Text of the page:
Editor's pick: Originally published Jan. 15.
The crude oil market has gone crazy -- and it's taking stocks along with it.
The question now is: when will oil hit bottom?
The bad news from your "oil guy" is that once the oil market has gone "parabolic" -- either up or down -- picking a bottom (or a top) is a frankly useless exercise.
The only insight I can give you is a comparison to the last time oil went bat-nuts crazy, and it's not a happy one -- in 2008, when it traded over $140.
That's right, the only real parallel I have to the current action in oil is when oil unhinged itself on the upside. In that case, just like this one, all the fundamentals in the world couldn't explain an oil market that was pricing itself over $120 a barrel.
Sure, people talked about the seemingly endless appetite for oil coming from emerging markets, including China and India. They talked about increasing supply-chain problems that could emerge from the instability in Iraq and Iran. They even mentioned the idea of "peak oil" a lot, where we'd literally run out of fossil fuels while demand was skyrocketing.
But none of that could possibly explain a futures market price that was increasing a dollar or two a day, while official target prices in OPEC were still well under $70 a barrel.
And you could feel it then -- as oil screamed past $110 a barrel in March, there was no rhyme or reason left in the market. Only momentum players, speculators and hedge funds jumped in on a market that was getting juiced. No one needed a reason -- there was money to be made.
Today, there are lots of fundamental reasons being used to try to explain oil dropping below $40 a barrel: huge surpluses, an increase in OPEC production from Saudi Arabia and Iran to come, U.S. producers who are managing to hang on despite extreme negative cash flows and back-breaking debt loads.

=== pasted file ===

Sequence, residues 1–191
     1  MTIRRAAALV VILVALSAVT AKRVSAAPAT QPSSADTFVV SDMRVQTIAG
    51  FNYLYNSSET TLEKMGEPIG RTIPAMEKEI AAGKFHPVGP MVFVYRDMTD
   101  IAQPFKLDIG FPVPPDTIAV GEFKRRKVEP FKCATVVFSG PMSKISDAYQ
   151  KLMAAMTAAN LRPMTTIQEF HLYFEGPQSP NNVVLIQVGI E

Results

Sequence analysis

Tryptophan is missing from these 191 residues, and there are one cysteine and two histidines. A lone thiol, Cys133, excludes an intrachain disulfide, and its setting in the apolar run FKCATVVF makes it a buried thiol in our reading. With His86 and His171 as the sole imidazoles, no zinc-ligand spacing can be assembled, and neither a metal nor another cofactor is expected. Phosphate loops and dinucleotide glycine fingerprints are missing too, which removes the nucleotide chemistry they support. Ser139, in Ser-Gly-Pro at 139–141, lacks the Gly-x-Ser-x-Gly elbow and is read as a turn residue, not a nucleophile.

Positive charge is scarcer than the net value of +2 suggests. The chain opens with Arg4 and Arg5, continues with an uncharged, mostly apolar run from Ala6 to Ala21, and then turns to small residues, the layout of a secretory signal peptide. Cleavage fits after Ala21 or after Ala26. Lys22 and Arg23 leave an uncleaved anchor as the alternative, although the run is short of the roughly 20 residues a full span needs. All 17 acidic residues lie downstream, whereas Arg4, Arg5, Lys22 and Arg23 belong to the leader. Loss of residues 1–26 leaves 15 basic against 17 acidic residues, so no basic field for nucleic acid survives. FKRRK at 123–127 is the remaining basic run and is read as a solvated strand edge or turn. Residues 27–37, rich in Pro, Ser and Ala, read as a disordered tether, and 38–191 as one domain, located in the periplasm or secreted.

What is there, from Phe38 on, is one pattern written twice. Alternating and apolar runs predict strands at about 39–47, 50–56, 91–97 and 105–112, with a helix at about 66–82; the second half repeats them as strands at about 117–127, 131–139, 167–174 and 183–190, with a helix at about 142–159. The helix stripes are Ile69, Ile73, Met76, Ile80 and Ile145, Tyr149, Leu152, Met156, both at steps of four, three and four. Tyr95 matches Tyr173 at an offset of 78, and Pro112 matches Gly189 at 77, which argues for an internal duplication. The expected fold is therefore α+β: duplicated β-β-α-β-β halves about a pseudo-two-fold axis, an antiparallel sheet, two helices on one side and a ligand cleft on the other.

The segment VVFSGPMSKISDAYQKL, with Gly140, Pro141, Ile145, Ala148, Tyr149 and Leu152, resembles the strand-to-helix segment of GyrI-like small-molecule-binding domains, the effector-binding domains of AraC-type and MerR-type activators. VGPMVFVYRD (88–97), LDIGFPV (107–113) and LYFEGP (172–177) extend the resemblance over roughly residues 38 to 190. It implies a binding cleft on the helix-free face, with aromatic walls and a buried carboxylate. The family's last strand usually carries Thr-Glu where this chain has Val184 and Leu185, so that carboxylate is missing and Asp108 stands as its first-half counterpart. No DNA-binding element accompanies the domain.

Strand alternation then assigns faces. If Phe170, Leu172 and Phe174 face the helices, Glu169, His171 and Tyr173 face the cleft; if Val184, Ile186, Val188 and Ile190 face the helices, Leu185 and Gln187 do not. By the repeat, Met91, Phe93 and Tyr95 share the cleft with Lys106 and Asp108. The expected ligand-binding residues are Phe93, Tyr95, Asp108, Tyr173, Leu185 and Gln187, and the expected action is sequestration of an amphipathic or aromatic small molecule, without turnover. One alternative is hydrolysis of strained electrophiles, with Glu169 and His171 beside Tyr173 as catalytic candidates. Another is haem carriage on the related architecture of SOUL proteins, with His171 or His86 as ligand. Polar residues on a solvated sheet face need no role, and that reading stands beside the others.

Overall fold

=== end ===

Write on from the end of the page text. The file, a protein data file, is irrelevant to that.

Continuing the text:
I don't care. This is just like 2008, but in reverse: nothing fundamental can explain an oil market now trading under $30 a barrel.
There is however, the exact same group pushing the market down today that was responsible for the move up in 2008 -- the same momentum players, hedge funds and speculators who all smell a dollar to be made on a market that's gone parabolic.
With that group in current control of oil prices, trying to pick a bottom is more than impossible -- it's meaningless. The market will stop going down when the selling stops. Period.
What I can give you, perhaps, is a time frame. In 2008, we could feel the oil markets on the floor go into "silly mode" and disconnect from reality in the early spring, as prices moved above $110 a barrel. Prices didn't peak until early July at $145.
I believe that oil under $40 represents an equivalent disconnect from fundamental economics, even economics as bleak as the current supply glut of oil today. We breached that level in early December, and since then, I believe that oil has had all the signs of an equivalently "parabolic" market.
A bottom price? That's impossible to guess at. But a time frame for this move? Well, if 2008 is any guide, we could have possibly another three months of very volatile moves in oil before a bottom is truly set.
Everyone will jump over each other to claim to have seen the bottom, only to see it knocked out again the next day. And if the patterns of 2008 in oil hold true, that could mean a far worse outcome for stocks. No one has to be reminded what happened to stocks in the fall of 2008.
At the very least, there's a very scary next three months for oil -- and therefore probably stocks.
This article is commentary by an independent contributor. At the time of publication, the author held no positions in the stocks mentioned.